To continue reading: Capitalism has new rules. And they’re seriously messed up.

Junk-rated Netflix Borrows $1.9 Bn, Most Ever, in “Drive-By” Bond Issue, to Burn $3-$4 Bn in 2018, Debt Soars to $8.4 billion, by Wolf Richter

It’s hard to see how going deeper in debt every year is a viable business model, but Netflix has made it work…so far. From Wolf Richter at wolfstreet.com:

This junk-bond market is in peak-bubble mode, and Netflix is just doing what investors want it to do. 

Wow, that was fast and huge. After announcing this morning that an investor call was scheduled to try sell a “drive-by” issue of $1.5 billion in 10.5-year bonds that S&P rates four notches into junk (B+) and Moody’s three notches into junk (Ba3), Netflix found insatiable investor demand and sold an additional $400 million, for a total of $1.9 billion, Netflix’s largest bond offering ever.

The investment banks running the deal were Morgan Stanley, Goldman Sachs, J.P. Morgan, Deutsche Bank, and Wells Fargo. The notes, which mature on November 15, 2028, priced at a yield of 5.875%, just 291 basis points over the equivalent US Treasury yield, according to S&P Global Market Intelligence.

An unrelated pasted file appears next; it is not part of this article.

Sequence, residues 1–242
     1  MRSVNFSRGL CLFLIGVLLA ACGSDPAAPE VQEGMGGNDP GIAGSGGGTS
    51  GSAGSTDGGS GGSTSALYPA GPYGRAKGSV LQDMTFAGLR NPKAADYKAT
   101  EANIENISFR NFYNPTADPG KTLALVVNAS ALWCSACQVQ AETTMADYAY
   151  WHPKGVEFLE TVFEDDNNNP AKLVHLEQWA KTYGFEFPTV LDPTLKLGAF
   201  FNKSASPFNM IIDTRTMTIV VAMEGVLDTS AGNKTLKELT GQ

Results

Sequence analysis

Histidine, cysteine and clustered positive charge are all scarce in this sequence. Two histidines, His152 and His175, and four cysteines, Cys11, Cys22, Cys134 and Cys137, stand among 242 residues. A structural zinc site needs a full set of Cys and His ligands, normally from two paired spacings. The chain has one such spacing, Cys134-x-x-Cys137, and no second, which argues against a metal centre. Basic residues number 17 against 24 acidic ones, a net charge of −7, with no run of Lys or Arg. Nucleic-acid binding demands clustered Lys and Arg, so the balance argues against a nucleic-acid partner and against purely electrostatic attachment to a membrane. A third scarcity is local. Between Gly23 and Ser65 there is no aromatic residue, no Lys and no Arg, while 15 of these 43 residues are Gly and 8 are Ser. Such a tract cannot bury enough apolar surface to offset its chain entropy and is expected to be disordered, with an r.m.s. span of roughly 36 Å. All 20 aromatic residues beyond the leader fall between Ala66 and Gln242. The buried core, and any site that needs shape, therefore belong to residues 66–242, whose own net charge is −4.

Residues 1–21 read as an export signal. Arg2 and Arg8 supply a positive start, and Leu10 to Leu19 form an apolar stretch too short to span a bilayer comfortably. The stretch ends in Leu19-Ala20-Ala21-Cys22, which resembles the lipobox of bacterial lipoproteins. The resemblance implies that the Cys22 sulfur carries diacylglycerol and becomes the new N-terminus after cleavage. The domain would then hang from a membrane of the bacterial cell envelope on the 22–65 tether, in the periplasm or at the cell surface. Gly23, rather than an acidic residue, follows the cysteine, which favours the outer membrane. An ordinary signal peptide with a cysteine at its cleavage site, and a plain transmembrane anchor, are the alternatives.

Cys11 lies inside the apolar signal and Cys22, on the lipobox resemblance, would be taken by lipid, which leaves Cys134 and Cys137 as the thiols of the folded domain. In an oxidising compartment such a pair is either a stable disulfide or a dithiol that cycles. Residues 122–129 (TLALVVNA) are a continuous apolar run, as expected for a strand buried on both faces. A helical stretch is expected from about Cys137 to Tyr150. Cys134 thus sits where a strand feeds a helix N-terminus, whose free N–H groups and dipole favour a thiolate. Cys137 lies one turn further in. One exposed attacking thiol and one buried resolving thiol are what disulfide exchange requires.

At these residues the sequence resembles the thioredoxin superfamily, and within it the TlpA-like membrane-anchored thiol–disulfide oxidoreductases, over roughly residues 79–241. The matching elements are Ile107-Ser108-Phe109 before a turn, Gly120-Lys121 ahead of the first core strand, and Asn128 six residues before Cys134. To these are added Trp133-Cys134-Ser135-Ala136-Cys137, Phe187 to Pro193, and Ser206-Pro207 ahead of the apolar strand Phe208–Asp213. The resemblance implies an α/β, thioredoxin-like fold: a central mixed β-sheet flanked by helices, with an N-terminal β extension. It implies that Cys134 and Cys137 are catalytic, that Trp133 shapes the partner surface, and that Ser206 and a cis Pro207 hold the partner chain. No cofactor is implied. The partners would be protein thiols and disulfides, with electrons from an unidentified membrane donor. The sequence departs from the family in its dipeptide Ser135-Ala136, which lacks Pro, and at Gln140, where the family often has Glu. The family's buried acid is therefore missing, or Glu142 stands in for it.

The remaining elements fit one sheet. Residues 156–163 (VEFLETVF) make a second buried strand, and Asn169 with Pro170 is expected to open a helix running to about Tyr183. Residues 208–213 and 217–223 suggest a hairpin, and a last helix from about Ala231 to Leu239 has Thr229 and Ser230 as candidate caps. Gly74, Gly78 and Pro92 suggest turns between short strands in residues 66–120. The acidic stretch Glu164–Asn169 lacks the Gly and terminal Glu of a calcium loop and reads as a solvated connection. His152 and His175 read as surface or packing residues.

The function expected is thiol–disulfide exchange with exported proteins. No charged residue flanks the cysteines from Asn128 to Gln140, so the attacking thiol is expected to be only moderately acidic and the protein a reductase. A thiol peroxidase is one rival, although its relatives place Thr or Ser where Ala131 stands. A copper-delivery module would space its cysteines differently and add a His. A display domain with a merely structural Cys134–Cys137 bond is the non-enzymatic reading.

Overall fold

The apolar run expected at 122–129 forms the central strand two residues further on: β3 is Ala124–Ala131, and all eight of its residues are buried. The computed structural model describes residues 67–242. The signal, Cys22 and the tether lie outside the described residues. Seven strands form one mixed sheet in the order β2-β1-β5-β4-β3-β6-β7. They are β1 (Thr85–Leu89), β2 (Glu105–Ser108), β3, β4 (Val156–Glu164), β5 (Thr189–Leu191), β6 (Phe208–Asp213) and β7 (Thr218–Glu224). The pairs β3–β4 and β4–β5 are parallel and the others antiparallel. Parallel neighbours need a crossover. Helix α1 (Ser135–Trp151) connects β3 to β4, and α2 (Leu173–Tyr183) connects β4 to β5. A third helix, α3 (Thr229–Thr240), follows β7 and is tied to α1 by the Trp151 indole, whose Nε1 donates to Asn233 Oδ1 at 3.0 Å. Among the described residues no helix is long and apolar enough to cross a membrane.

This comes just six month after Netflix borrowed $1.6 billion in 4.875% bonds due in April 2028. And earlier in 2017, it had sold €1.3 billion of 10-year unsecured junk bonds in Euroland at a yield of 3.625%, bringing its total issuance in 2017 to about $3 billion. So interest rates are rising, debt is getting more expensive, and there’s a lot more debt, but it doesn’t matter to Netflix investors.

Last week, Netflix reported total long-term debt of $6.5 billion as of March 31. With the $1.9 billion just added, it now has $8.4 billion in long-term debt.